Does Physical Activity Calorie Equivalent Labeling Make Sense?Wednesday, February 11, 2015
One of the most common misconceptions in the simplistic “eat less – move more” narrative, is equating the calories in a food with the amount of work that would be needed to burn those calories (e.g. X potato chips equal y minutes of riding your bike).
Not only are things rarely that simple (given that individual “fuel efficiency” varies widely based on size, age, conditioning, fitness, and probably countless other variables), but these messages just serve to reinforce the notion that exercise (or for that matter any form of physical activity) is indeed a viable strategy to “burn off” excess calories.
For what it’s worth, a study by Viera and Antonelli from the University of North Carolina, published in Pediatrics, shows that physical activity calorie equivalent labeling (PACE) has no more impact on parents’ fast food decisions than showing calories only.
The study was conducted as a national survey of 1000 parents randomized to 1 of 4 fast food menus: no labels, calories only, calories plus minutes, or calories plus miles needed to walk to burn the calories.
After excluding implausible answers, the researchers were left with 823 parents, with the mean age of the child for whom the meal was “ordered” being about 9.5 years.
While parents whose menus displayed no calorie label ordered an average of 1294 calories, those those shown calories in any form ordered about 200 calories less, irrespective of whether they were shown calories only, calories plus minutes, or calories plus miles.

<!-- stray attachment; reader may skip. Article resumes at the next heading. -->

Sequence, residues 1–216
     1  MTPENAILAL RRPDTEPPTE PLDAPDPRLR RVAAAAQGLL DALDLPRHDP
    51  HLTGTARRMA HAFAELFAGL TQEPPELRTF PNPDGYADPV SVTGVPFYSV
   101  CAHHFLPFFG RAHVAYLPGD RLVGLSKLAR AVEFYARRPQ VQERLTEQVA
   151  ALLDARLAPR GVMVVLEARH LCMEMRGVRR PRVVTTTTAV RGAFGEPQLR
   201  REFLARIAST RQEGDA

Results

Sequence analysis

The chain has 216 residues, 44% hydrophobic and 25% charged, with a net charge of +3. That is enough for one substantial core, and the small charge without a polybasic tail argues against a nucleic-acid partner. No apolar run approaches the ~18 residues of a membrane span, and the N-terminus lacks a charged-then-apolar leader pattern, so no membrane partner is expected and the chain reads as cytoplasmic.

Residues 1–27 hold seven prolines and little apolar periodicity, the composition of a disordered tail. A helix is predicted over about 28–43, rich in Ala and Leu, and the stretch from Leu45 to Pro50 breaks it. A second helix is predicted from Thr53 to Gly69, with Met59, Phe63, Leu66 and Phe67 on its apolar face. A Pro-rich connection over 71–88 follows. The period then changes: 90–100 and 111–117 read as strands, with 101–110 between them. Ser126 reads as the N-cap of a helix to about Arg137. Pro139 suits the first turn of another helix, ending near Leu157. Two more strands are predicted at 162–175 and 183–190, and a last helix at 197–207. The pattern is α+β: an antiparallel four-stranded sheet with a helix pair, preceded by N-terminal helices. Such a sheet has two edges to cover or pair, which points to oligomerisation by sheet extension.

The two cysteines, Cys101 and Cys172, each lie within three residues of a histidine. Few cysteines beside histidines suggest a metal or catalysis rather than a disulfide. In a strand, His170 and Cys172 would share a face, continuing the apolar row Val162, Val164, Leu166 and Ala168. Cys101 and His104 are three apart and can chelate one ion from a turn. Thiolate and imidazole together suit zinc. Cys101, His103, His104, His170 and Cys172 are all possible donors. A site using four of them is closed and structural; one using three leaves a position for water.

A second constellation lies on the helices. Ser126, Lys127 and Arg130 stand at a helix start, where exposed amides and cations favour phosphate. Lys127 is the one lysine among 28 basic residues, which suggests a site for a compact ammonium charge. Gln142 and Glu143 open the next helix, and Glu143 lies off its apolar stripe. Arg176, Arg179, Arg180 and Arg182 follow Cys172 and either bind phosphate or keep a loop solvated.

Despite this lack of difference, when parents were asked to rate the likelihood each label would influence them to encourage their child to exercise, 20% of parents reported that calories-only labeling would be “very likely” to prompt them to encourage their children to exercise versus 38% for calories plus minutes and 37% for calories plus miles.
From these findings the authors rather enthusiastically conclude that PACE labeling may influence parents’ decisions on what fast food items to order for their children and encourage them to get their children to exercise.
Both of these conclusions are rather optimistic at best.
As for influencing the parents choice, there was clearly no difference between wether or not calories were shown alone or equated to time or miles – calories alone did the job.
And as for whether equating calories to activity would do anything at all in terms of parents actually getting their kids to do more, I would remain rather sceptical till I actually see a study that reliably measures physical activity.
Overall, this study does nothing to alleviate my concerns about equating food calories to calories burnt – this is a narrative that both the food and the fitness industry often favours in their marketing – the former to suggest that with enough physical activity, you can eat as many calories as you want; the latter to suggest that exercising is the best way to lose weight.
I for one would be perfectly happy to just see calories on menus.